We Broke Michigan
The voting in Michigan and the national spotlight may be over (for now), but we continue to endure major challenges in Michigan. Here’s what hasn’t been talked about.
Michigan state government has been broken for decades, but it’s just recently come to people’s attention outside our state via the Flint water crisis and the Detroit Public Schools crisis. How did this happen? And could it happen in your state? Why are people so dissatisfied with state and local government here that they voted in two outsider candidates — Trump and Sanders — for both parties?
We start with some history. The Michigan legislature used to be populated (at least somewhat) by dedicated public servants on both parties. Being a legislator used to be a career, and like most careers people get better at it over time.
But there is also the very real problem of people staying in power too long, and not being answerable to the people or in touch with their constituents. How much does any voter really know about their legislators? State legislators and Congresspeople get re-elected time after time, because people have no accurate and independent way of judging whether they’re doing a good job or not.
To answer that problem, the people of Michigan passed a constitutional amendment in 1992, limiting Governors (and other executive branch elected officials) and State Senators to two 4-year terms, and State Representatives to three 2-year terms.
Sounds good, right? Except for some unintended consequences.
Because people can no longer make a career of public service, the only people (for the most part) willing to run for office are the young, the old, the independently wealthy or those not able to find any other decent-paying jobs. For those mid-career, often juggling children and caring for aging parents, taking six years out of your successful career can mean ending your career. So this means many Michigan state representatives are in their 20s or 30s, and frantically looking for their next job. Which makes them vulnerable to pressures to vote a certain way, so as to be “taken care of” for their next job. House Representatives Daniela Garcia and Lisa Posthumus Lyons are two particularly blatant examples of this.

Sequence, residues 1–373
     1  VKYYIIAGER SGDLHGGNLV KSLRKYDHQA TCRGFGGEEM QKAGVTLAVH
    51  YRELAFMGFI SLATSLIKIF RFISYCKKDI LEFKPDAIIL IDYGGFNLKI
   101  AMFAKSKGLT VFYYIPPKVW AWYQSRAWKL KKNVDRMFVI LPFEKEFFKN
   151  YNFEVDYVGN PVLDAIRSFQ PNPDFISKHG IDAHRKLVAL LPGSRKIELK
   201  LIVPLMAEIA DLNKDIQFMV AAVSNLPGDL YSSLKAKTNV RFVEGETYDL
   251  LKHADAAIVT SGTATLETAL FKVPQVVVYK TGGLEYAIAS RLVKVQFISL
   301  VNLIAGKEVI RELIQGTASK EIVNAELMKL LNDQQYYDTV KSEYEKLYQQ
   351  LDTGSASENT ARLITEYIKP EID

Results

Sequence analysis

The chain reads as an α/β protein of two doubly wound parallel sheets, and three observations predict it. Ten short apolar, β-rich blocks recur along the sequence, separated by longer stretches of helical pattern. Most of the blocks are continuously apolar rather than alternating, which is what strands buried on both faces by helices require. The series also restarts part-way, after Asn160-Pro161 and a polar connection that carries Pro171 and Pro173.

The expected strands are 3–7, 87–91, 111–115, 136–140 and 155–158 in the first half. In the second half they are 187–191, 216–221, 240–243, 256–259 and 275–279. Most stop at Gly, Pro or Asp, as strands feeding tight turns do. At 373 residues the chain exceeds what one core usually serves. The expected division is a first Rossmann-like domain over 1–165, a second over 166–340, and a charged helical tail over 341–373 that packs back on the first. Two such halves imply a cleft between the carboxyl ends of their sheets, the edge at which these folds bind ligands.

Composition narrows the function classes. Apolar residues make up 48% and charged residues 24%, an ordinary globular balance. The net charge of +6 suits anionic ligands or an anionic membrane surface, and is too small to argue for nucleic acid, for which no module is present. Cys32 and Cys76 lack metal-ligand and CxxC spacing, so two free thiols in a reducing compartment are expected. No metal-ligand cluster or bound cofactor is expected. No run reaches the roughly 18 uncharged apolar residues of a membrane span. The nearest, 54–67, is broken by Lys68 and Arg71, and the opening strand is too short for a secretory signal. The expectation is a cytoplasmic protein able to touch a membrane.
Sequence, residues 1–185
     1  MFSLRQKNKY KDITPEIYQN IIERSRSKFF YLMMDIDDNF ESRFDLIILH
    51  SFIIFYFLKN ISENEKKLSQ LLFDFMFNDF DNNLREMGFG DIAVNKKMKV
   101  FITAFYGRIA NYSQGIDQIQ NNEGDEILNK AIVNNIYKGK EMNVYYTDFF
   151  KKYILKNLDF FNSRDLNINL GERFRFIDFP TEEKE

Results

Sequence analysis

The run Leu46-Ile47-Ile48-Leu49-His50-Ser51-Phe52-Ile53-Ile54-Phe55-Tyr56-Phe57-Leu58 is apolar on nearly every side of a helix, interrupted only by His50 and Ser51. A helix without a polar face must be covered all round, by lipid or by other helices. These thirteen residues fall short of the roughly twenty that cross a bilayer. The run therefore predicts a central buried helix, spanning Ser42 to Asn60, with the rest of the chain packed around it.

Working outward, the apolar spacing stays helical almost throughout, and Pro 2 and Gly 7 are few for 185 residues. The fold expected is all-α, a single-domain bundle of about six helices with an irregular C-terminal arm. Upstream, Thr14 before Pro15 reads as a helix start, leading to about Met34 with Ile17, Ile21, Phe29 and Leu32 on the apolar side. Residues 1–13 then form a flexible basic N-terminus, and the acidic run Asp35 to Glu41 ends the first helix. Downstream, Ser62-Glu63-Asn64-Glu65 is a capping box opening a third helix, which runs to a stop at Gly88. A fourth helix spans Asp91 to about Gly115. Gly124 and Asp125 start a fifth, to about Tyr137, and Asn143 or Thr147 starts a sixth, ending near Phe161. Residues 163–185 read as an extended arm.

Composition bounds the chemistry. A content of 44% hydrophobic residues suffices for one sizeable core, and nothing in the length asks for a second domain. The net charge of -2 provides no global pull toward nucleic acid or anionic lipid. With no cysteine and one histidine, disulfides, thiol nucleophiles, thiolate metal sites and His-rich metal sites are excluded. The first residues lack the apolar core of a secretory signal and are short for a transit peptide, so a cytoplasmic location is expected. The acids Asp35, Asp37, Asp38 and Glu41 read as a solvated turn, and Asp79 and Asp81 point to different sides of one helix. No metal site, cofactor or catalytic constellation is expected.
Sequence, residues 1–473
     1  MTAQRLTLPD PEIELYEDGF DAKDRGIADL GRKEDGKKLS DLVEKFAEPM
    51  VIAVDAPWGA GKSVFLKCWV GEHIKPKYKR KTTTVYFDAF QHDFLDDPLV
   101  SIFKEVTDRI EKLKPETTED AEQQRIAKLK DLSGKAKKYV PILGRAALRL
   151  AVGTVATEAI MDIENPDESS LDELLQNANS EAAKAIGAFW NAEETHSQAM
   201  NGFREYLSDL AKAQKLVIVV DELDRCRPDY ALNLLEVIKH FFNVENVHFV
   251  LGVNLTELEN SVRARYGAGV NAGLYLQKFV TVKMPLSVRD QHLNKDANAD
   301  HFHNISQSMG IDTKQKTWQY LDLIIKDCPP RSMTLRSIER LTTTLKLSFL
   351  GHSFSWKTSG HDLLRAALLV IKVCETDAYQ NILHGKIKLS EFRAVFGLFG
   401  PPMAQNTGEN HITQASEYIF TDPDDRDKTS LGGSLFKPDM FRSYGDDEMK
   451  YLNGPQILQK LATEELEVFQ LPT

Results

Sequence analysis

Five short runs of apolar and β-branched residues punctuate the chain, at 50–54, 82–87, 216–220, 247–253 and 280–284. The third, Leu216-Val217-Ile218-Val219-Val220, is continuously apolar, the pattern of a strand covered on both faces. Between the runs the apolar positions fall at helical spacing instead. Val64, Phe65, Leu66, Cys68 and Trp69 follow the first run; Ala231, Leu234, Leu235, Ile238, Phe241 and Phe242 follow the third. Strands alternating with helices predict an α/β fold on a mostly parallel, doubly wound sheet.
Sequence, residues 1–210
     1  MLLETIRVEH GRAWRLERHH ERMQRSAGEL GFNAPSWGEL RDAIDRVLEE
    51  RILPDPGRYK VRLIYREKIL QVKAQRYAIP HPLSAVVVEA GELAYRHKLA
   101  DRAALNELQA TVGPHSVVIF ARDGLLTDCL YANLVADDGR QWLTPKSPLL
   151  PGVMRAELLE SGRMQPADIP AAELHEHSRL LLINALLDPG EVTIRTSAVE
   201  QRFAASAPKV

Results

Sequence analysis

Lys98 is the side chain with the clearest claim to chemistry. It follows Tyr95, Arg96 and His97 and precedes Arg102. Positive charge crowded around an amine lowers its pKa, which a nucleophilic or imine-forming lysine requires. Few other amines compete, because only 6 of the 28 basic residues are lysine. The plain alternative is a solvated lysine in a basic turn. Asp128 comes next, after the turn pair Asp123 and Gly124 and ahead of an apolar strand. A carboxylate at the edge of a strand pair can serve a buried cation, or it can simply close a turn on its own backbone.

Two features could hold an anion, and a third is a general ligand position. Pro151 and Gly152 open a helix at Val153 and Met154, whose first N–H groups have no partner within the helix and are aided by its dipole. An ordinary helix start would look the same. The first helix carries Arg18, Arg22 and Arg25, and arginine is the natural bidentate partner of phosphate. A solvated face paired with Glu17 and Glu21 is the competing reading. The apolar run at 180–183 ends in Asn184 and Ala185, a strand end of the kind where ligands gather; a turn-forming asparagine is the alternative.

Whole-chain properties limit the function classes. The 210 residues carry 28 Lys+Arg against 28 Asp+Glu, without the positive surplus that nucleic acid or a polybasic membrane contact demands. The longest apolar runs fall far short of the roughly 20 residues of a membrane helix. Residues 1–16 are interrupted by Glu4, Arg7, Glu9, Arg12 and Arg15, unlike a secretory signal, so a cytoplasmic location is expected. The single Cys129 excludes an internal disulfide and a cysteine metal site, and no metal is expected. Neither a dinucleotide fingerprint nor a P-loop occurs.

Also, because there’s no institutional memory, the House (and the Senate to some extent) are run by unelected staffers. As soon as an elected official figures out how things work and learn a thing or two about the issues, they’re out of office.
At least elected officials are answerable to the people, right? Not exactly. Michigan is so gerrymandered that very few House and Senate seats are competitive, so they are answerable more to the donors (and their future employers) than to their constituents.
To make absolutely sure of that, our elected officials have been working hard at making it harder to vote in Michigan, from passing voter laws that hurt students many years ago to eliminating straight party voting a couple months ago to increase long lines at urban precincts. Now they’re even trying to change the rules in the middle of the game on ballot initiatives.
This is how the legislature does not and cannot form a check and balance on the Governor’s office. Individual legislators are more concerned about not rocking the boat and positioning themselves to run for higher office or a lucrative job as a lobbyist. Or they are with the party out of power, and are completely ignored.
So we elected a legislature that doesn’t know how to govern, and added to that a Governor that doesn’t know how to govern (or have any interest in it) either. There are no experienced adults in the room anymore.
What do we do about it? Several things need to be done: change the way we redraw legislative districts to be an independent commission, so voters choose their representatives and not vice versa. Loosen term limits or repeal them entirely, so people can build careers in public service again, rather than it being a way-station to lobbyist gigs or higher office. Make it easier to register to vote and exercise that vote, to make politicians more answerable to the people. And exercise that vote for experienced people who know how to do the job we’re hiring them to do.
Other states such as California have shown that changes for the better can be made in state government, if we’re willing to make them. I’d like to see the Presidential candidates for both parties talk about this now.
Originally posted on eclectablog